Recent lists... view all »
oobject: 'daily user-ranked gadget lists'
If Apple is all about the product which then sells itself, then Ron Popeil’s Ronco was the exact reverse. Popeil took the kinds of things that work well with a hard sell: knives, peelers, dubious hair loss products that looked like spray paint, created a new twist rather than an invention per se and made them from cheap materials. These were then the subject of the archetypal infomercial, progenitor of the term O-matic and popularizer of the phrase ‘as seen on TV’.Popeil represents the quintessential salesman and as a result is seen with affection rather than derision, an iconic part of American popular culture and capitalism. Her are 9 videos of Popeil products.

9 ronco gadgets

Kowloon Walled City (KWC) was a 10-16 storey monolithic 6.5 acre city block in the flight path of the old Hong Kong airport, that housed somewhere between 35,000 and 50,000 people when it was finally demolished in 1993. 30 times the density of Manhattan with no streets and little daylight, it was a rat infested, cockroach ridden filthy labyrinth. KWC was a no-man's land that fell neither under British Jurisdiction nor Chinese, where Hong Kong's appetites for the 3 vices: prostitution drugs and gambling could be satiated, but where ordinary families lived alongside nearly 800 factories and shops. It had 161 unregulated doctors and dentists along with food producers from whole pig roasters to the suppliers of most of Hong Kong's fish balls. Most of the people that lived in KWC never left.Dozens of sites have covered KWC before (as have we), but its such a strange and unusual Oobject that we've trawled through hundreds of sites to try a pull together a list of our favorite images and links which succinctly describe it.

Kowloon Walled City Guide

Phoropters, the gadgets used by opthalmologists to test your eyes look like the most spectacular binoculars you have ever seen.The traditional complex mechanical versions are technological works of art made by lens makers such as Bausch and Lomb and have the design quality of a classic vintage Leica camera. Only now are these marvelous gadgets slowly being replaced by simpler looking, wireless, digital versions which relay data to a computer for image analysis.

15 spectacular eye testing gadgets

Ray guns originated in the US in the 30s, from shows like Buck Rogers. What makes them a particularly interesting object is that despite, for all practical purposes, having never existed, there is an almost endless variety of designs for toy ray guns, from around the world.Here are some of the best we could find. Most are for sale, and are posted without description, since the images speak for themselves.

23 stunning ray guns

The invention of the digital watch made accurate timekeeping a cheap commodity. This meant that expensive watches were a quixotic anachronism in terms of pure design. However, this very fact meant that designers were free to innovate timepiece designs for fun. In addition, the development of watch sized miniature electronic gadgetry meant that the wrist watch form factor could be used for other gadgets. For things like phones and MP3 players this has proved to be a failure, however included here are some interesting concepts for other uses for wrist devices such as insulin dosage, braille watches and health monitoring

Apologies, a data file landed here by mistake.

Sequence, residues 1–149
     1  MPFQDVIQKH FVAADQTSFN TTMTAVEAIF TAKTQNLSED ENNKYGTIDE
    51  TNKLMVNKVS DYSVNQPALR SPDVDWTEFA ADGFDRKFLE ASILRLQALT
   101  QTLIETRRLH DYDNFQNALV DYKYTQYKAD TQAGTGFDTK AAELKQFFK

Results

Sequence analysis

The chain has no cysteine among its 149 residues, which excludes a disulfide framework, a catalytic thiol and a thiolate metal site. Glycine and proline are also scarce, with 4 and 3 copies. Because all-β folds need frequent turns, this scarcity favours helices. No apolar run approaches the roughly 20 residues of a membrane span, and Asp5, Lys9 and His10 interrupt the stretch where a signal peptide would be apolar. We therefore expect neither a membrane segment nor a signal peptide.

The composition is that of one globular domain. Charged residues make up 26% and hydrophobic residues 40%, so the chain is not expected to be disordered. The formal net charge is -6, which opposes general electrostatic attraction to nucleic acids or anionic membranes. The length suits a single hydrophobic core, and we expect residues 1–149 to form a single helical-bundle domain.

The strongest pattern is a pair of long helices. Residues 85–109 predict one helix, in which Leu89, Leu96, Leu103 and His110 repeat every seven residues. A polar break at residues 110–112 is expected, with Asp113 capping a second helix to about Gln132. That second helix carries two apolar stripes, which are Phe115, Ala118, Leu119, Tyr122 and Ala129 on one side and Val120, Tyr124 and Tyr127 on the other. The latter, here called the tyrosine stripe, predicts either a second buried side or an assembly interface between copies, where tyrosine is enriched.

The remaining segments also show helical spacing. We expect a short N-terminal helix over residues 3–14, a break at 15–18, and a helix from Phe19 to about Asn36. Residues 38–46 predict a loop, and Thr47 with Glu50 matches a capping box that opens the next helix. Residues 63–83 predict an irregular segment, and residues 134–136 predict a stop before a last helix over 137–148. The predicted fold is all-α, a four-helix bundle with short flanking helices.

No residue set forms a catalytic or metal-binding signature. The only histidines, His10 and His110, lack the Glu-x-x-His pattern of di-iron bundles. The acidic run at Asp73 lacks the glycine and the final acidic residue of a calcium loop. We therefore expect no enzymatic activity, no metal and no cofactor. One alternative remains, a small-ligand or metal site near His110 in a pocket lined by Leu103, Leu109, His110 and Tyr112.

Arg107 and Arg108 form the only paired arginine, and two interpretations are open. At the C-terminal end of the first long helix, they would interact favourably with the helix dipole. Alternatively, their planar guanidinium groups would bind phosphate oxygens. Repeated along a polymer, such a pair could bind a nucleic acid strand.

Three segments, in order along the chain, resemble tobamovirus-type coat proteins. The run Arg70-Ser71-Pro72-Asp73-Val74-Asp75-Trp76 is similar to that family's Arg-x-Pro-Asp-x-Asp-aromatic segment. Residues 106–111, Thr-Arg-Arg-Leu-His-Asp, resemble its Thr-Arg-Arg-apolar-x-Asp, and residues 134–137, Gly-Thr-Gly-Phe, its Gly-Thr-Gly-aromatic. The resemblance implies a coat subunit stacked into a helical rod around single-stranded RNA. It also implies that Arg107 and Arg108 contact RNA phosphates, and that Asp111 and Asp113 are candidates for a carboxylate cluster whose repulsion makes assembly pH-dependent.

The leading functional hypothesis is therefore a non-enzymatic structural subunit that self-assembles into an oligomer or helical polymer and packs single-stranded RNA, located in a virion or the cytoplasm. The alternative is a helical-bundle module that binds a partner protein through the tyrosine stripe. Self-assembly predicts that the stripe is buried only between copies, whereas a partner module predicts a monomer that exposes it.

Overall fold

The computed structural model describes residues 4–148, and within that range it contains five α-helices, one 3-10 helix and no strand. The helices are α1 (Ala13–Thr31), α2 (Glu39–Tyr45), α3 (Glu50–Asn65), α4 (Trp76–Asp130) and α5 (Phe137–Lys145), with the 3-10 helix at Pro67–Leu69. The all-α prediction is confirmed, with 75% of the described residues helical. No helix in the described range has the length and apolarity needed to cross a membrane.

16 concept watches

At first sight these buses may look horrifying, like miniature cattle wagons full of children. But they are a feature of a type of culture that is different from America where yellow school buses shuttle children often over large distances. This culture, common throughout the world is one that has grown organically, where distances are short enough to be cycled (where litigation is minimal!) and where homebrew transportation is common.In some ways these buses are a marvel of practicality and an interesting Oobject.

12 tiny Indian school buses

oobject header image

WTF is that? #12

July 16th, 2009 link to (permalink)

wtf


What was in this case? It’s topical.



7 Responses to “WTF is that? #12”

  1. DanRR Says:

    It’s an ALSRC, Apollo Lunar Sample Return Container also referred as “rock box”.
    http://www.nasm.si.edu/events/apollo11/objects/apolloartifact.cfm?id=A19710814000

  2. Gaijiniji Says:

    Is it a case for holding radioactive material?

  3. admin Says:

    @Dan. Yes it is!

    And suitably impressive it is too. Often items designed to transport precious objects are disappointing wooden crates, but this box is absolutely perfect.

    If it had been made by a Hollywood prop designer I would have thought that it was too overblown. But its the real thing, and with its Swiss bank vault like protection it is a thing of beauty.

    Happy 40th birthday rock box that rocks!

  4. Ryan Says:

    This would be perfect for my collection of ch.. I mean porn. Just normal porn.

  5. BRUCE CREE Says:

    it’s one piece of my gf’s luggage (a container inside of a container)

  6. Mighty Mike Says:

    Right the first time. It’s the case used to bring back lunar rocks to Earth. Then again, I’m in the biz, so have a slight edge.

  7. Shawn Says:

    As a custom case designer by trade, I’m impressed. Altho I could do without the banding across the top, but if it makes them feel better, so be it. Pelican take notice!

Have you an opinion, used or been to this object or place? Tell us what you like don't like about it, or post any specs/info about it: